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Wonderstruck ***1/2

A fanciful tale of humanity and fate hits your heartstrings and is great for the whole family. 

Is it worth $10? Yes 

Warmth and sincerity are hard to fake. When done wrong they’re off-putting, fraudulent to the point of insulting fury. When done right they’re genuine and moving, a welcome reminder of the good that opening one’s heart can do for humanity. “Wonderstruck” does it right.

The film, which is based on a children’s book by Brian Selznick, tells two stories set 50 years apart. For the first 90 minutes they are only thematically connected, then they are literally connected in the conclusion. You may see the ending coming. That’s fine. This isn’t trying to jolt you with surprises, it’s trying to move you with its understanding and sense of wonder.



In 1927, 12 year-old New Jersey girl Rose (Millicent Simmonds) loves going to silent movies, particularly those of her favorite actress, Lillian Mayhew (Julianne Moore). Rose is deaf, so the oncoming transition to talking films is most unwelcome for her. Angry that her father (James Urbaniak) insist she learn to lip read, Rose takes a bus to New York City in the hope of seeing Mayhew, who’s appearing on Broadway. She is soon lost in the city, and finds herself at the Museum of Natural History.

In 1977, Ben is a 12 year-old in Gunflint, Minnesota. His mother (Michelle Williams) recently died in a car accident, and his father isn’t around. He’s hurting. One night he’s on the phone and a bolt of lighting sends an electric shock through the wires, causing him to lose his hearing and be hospitalized. With the only clue to his father’s whereabouts leading him to New York City, he hops on a bus and heads for the Big Apple. He is soon lost in the city, and finds himself at the Museum of Natural History.

There’s a jarring disconnect as director Todd Haynes (“Carol”) initially cuts between the timelines, but once each kid reaches New York the thematic similarities are obvious. More impressively, the story in each timeline feels like a self-contained movie made in the time period it depicts. Rose’s journey is told as a black and white silent film, with Carter Burwell’s musical score aptly punctuating notable moments and title cards filling us in on needed information. Ben’s story looks and feels authentically ‘70s, right down to the production and costume design and music. The fact that Haynes so deftly combines these visual styles with an overarching narrative is extraordinary.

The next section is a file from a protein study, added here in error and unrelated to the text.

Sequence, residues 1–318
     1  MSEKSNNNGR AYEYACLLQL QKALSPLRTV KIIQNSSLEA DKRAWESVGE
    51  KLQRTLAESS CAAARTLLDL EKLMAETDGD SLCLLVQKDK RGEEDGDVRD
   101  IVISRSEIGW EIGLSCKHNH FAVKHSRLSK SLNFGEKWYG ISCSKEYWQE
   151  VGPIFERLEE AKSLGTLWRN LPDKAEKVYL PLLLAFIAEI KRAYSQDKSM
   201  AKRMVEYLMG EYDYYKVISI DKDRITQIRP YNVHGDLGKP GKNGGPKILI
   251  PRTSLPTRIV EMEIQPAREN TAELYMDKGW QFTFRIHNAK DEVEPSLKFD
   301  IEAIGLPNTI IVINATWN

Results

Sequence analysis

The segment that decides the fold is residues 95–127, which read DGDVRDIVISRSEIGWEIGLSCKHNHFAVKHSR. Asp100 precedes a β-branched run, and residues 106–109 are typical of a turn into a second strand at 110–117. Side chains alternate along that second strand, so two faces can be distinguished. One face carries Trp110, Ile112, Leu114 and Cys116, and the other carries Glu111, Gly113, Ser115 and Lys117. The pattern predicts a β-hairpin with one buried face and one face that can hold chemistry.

Also extraordinary are the performances. We knew Moore would be good (when isn’t she good?), but the core of the story is with the 12 year-olds, and they don’t disappoint. Fegley, who was the star of “Pete’s Dragon,” gets us to feel for Ben without falling on the time worn child-acting crutch of looking pitifully cute and sympathetic. Ben is an angry young man, and Fegley makes sure it shows. But it’s Simmonds who steals the movie in her screen debut. Simmonds is deaf in real life, and gives a nuanced, heartfelt performance, perfectly conveying Rose’s variety of feelings each step of the way. (A third child actor, Jaden Michael, who plays a boy Ben meets at the museum, is excellent as well.) 

We want movies like “Wonderstruck.” We need movies like “Wonderstruck.” It’s a jolt of emotional originality at a time when so much of what we see feels redundant. It’s not perfect, and it is mildly predictable, but its construct and humanity are enough to win over even the most cynical of hearts.

Did you know?
Moore studied sign language for a month before meeting Simmonds; when they met Moore introduced herself in sign language and they formed an instant bond.

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